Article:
Thought for the Day by Kevin Ward (St Michael’s)
WILLIAM TYNDALE born 1494. died 6 October 1536
The prophets of Israel spoke truth to power. They were a thorn in the flesh to King Ahab. He recognised them as messengers of God, but also despised them, and preferred the false prophets, who told him what he wanted to hear. He despaired of Elijah ‘the troubler of Israel’. He was equally frustrated by Elijah’s disciple, Micaiah. ‘I hate him, for he never prophesies anything favourable about me.’ Indeed, Ahab’s misplaced invasion of Ramoth-Gilead, against Micaiah’s advice, was the cause of his death.
In our NT reading today, Paul faced similar hostility from those in power: ‘Away with such a fellow from the earth; it is a pitie that he should live.’ (Tyndale’s translation of Acts:22:22).
Tyndale’s great legacy was to translate the Hebrew and Greek text of the Bible into a simple, direct, and austerely beautiful, English – which even the simple ‘plough boy’ could understand. At least that was his hope! ‘He wrote to the comprehension of the profoundly poor … and created one of the undoubted masterpieces of the English language,’ says Marilynne Robinson, one of the greatest of modern American novelists, in ‘Freedom of Thought’, one of her essays in the collection When I was a Child I read Books.
Tyndale was a prophet. He openly criticised Henry VIII’s political manoeuvres to divorce Catherine of Aragon. He had to flee the country. But Henry’s spies were active on the continent, and traced him to Antwerp. Henry persuaded the authorities there to arrest Tyndale, and he was strangled and burnt at the stake as a heretic. But his Bible translation lived on. Much of it was incorporated into the Authorised Version of the Bible in 1611. Today we commemorate him on the anniversary of his death on 6 October 1536.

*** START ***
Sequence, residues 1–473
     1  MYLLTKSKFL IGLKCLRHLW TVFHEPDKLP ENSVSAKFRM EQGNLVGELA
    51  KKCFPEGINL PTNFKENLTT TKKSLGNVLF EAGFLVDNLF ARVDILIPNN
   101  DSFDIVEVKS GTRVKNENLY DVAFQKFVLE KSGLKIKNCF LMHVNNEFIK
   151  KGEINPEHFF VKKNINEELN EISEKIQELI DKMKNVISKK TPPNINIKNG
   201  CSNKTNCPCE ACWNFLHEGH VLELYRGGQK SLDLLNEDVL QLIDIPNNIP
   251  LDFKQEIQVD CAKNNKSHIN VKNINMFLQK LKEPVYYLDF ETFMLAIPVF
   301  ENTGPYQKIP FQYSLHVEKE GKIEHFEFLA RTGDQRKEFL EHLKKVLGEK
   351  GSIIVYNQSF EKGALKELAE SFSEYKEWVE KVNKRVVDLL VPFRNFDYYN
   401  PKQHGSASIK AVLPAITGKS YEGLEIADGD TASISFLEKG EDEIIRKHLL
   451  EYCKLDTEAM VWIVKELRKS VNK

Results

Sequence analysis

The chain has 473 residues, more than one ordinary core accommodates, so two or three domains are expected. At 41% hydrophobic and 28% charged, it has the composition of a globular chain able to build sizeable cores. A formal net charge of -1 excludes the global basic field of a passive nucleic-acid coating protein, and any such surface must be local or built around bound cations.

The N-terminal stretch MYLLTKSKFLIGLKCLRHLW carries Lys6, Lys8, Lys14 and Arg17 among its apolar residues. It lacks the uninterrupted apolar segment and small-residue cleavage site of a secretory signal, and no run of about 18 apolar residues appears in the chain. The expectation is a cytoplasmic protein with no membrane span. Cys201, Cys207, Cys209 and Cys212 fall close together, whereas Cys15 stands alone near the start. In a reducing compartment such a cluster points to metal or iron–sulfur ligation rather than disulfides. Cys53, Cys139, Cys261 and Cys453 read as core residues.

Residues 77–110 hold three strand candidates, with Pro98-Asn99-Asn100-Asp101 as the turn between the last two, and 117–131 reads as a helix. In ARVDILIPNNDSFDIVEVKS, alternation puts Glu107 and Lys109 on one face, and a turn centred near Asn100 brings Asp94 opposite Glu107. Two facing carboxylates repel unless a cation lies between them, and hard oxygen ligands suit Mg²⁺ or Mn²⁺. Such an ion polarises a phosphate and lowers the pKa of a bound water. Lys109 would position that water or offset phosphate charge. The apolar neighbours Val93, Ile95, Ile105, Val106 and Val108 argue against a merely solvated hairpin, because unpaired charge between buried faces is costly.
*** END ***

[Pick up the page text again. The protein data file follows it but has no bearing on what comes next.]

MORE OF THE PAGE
In Marilynne Robinson’s novel Gilead, a preacher in the fictional town of Gilead in Iowa, nearing death in the mid 1950s, looks back on his long life and ministry, with a heart-breaking honesty, dignity and compassion.
‘I was thinking about the things that had happened here just in my lifetime – the droughts and the influenza and the Depression and three terrible wars. It seems to me now we never looked up from the trouble we had just getting by, to put the obvious question, that is to ask what it was the Lord was trying to make us understand. The word ‘preacher’ comes from an old French word, prédicateur, which means prophet. And what is the purpose of a prophet except to find meaning in trouble?’